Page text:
This remote Winter Term marks the introduction to Lawrenceville’s first virtual athletic program offerings and co-curriculars.

This remote Winter Term marks the introduction to Lawrenceville’s first virtual athletic program offerings and co-curriculars.Despite the challenges, faculty and students alike have managed to restructure their workout habits to adapt to these changes in various ways.

Students currently meet with their respective co-curricular sports on Tuesdays and Fridays over virtual Zoom meetings. While practice agendas differ according to each sport, most sports offer asynchronous and synchronous options to accommodate the multiple time zones students live in.

General Fitness Coach Tony Rienzo’s synchronous meetings begin with a “general check-in or question-answer session to make sure everyone’s on the same page for the program.” According to Rienzo, “The group then does a group stretch, a body weight workout, or even just a discussion about nutrition and health.” For the asynchronous sessions, students are required to log a minimum of two workouts per week on TeamBuildr, a tracker app with a dedicated workout plan for Lawrentians.

Rienzo claimed that there have been minimal changes to the workout culture during remote winter, saying, “Whether we’re on campus or virtual, we’re always modifying workouts anyway because people always have different goals or injuries. Now, we just have to get a little more creative.”

“In a sense the athletic experience is more personalized this year,” he said. “One student may have very limited space and no exercise equipment whatsoever and another might have access to a gym. We have a lot of different workout options available for students, and we’ve been able to create a specific workout plan for each athlete.”

While his coaching style has not changed much, Rienzo faces certain challenges virtually training over 120 out of the 160 students in General Fitness. “I’ll be toggling between five different pages of little thumbnails…so it’s virtually impossible to check on form to see if everyone is doing the workout correctly. Also, with so many kids, not everyone is going to be able to speak during discussions.”

Even though the new athletics format has been uncharted territory for everyone in the Lawrenceville community, Athletic Director Tripp Welborne H’58 P’21 hopes that athletes and coaches will still be able to stay engaged this virtual winter. While the circumstances aren’t favorable, he emphasized how “one of the big things about athletics is adaptability, and it’s important to be able to adapt to the circumstance and make the best out of what you have.”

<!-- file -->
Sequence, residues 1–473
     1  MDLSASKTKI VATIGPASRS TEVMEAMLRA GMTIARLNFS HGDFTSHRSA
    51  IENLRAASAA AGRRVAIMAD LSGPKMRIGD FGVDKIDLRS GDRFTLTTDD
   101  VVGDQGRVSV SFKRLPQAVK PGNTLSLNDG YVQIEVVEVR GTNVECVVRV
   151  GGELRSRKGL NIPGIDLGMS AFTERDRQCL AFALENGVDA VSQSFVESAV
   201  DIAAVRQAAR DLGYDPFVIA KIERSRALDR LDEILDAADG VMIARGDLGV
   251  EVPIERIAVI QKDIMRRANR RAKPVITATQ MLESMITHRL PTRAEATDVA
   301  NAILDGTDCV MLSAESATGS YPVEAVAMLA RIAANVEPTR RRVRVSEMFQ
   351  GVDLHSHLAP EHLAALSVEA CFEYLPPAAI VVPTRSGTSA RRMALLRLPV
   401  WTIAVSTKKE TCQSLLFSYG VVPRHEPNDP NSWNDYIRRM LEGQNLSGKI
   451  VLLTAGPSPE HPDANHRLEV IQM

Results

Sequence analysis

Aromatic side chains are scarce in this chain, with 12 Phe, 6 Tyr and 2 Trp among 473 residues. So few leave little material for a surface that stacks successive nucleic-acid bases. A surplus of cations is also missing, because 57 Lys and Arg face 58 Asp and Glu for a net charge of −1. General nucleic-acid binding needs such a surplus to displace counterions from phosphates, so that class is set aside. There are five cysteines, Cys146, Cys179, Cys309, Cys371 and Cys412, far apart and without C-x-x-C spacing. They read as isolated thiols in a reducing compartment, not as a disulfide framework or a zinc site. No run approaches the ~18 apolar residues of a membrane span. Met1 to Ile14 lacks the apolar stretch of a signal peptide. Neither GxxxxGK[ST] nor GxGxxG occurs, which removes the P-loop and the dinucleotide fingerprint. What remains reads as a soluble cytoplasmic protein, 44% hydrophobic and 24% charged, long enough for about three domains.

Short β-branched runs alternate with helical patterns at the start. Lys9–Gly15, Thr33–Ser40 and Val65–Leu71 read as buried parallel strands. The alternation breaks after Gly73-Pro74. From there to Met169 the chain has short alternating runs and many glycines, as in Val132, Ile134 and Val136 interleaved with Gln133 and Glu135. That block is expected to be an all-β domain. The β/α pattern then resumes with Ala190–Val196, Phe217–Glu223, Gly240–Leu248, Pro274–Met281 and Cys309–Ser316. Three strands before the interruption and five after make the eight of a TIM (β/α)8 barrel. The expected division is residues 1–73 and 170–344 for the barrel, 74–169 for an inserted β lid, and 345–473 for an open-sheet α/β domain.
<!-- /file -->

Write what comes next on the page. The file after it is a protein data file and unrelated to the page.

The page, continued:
Welborne also acknowledged the difficulties he anticipates for the term, including staying motivated while stuck inside. However, he also reminded athletes to continue to work hard. “You get out of it what you put into it,” he said. Welborne noted some positives of the situation, especially how the virtual term “give[s] athletes a chance to recharge...and also work on their individual skills without falling behind in other areas.” For now, he remains hopeful for an in-person return this spring.

Since adaptability has been very important this year, many athletes have been looking for opportunities to grow and work on themselves, even if they have to start creating their own workout plans or diets. A member of Lawrenceville’s Varsity Indoor and Outdoor Track Teams, Manoc Joa-Griffith ’22 acknowledged some of the disadvantages of the term. “While track may seem individualistic, many people don’t realize how much being a part of a team means during the season,” he said, “A big part of it is working as a team and growing as a team, and I’ll really miss competing and racing alongside [my teammates].”

While virtual athletics can be challenging, Joa-Griffith still looks forward to putting his best foot forward: “I’ve really been able to analyze and focus on what I can do better and reflect on areas where I can grow, something I’ve never really had the time to do before.”

Looking forward to the remainder of the Winter Term, Rienzo’s ultimate goal is “to hold everyone accountable and give everyone the opportunity to get something done while at home.” “Coaching over a screen is something I never thought I would do. In the end, winter sports are just a matter of trying to engage everyone, being attentive, and making sure everyone is performing what they should be doing,” he said.

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